Declining Fertility and Investment in Children: The Quality-Quantity Trade-off in Japan and East Asia
Professor Ogawa will present recent work on declining fertility and the rising cost of children in East Asian countries, using measures of investment per child from the National Transfer Accounts analysis of public and private investments in children's education and health. He and his co-authors also study whether the amount of resources allocated to children has been crowded out by the increasing amount of resources needed for support of the elderly in Japan and other aging societies.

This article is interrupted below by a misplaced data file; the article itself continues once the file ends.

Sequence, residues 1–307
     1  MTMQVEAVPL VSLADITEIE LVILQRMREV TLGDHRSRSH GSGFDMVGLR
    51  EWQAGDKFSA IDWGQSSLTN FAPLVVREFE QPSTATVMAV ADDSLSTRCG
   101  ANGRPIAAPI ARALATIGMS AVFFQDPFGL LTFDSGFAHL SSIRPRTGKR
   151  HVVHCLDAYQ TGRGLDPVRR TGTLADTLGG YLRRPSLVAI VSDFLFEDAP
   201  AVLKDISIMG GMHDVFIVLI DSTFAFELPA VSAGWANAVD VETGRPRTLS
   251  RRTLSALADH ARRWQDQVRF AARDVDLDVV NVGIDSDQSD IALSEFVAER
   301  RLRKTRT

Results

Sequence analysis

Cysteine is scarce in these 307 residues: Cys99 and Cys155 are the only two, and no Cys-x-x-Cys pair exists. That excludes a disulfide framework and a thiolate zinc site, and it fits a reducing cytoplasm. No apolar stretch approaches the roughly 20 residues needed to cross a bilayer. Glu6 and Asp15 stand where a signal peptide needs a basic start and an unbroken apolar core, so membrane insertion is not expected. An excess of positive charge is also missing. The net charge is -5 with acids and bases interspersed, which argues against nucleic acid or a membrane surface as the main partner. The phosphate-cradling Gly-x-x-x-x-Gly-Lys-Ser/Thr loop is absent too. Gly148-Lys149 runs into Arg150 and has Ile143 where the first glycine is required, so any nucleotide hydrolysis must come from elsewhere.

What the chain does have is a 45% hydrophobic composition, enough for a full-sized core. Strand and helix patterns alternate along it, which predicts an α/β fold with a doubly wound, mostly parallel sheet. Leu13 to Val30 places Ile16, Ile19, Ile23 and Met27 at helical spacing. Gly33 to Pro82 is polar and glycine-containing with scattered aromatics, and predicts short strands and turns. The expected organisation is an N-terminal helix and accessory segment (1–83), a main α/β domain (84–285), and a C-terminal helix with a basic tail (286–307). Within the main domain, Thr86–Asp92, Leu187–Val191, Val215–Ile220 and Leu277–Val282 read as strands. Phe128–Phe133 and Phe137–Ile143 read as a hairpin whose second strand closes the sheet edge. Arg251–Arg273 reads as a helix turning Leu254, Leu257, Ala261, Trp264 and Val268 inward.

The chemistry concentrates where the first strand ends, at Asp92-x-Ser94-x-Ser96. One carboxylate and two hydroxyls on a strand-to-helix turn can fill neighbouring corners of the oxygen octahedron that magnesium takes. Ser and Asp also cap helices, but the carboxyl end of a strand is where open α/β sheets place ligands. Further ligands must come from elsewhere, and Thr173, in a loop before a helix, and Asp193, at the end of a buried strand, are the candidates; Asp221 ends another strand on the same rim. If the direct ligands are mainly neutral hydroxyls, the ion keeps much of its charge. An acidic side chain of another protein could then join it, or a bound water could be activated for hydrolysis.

Naohiro Ogawa is professor of population economics at the Nihon University College of Economics and Advanced Research Institute for Sciences and Humanities (ARISH), Tokyo. He is also Director of the Nihon University Population Research Institute (NUPRI). Over the past thirty years he has written extensively on population and development in Japan and other Asian countries. More specifically, his research has focused on issues such as socioeconomic impacts of low fertility and rapid aging, modeling demographics and social security-related variables, as well as policies related to fertility, employment, marriage, child care, retirement and care for the elderly. His recent work includes measuring intergenerational transfers. He has published numerous academic papers in internationally recognized journals. In collaboration with other scholars he has also edited several journals and books among which the most recent one is Population Aging, Intergenerational Transfers and the Macroeconomy (2007). Naohiro Ogawa has served on a number of councils, committees and advisory boards set up by the Japanese government and international organizations such as the Asian Population Association, the IUSSP and the WHO. He is currently an associate member of the Science Council of Japan.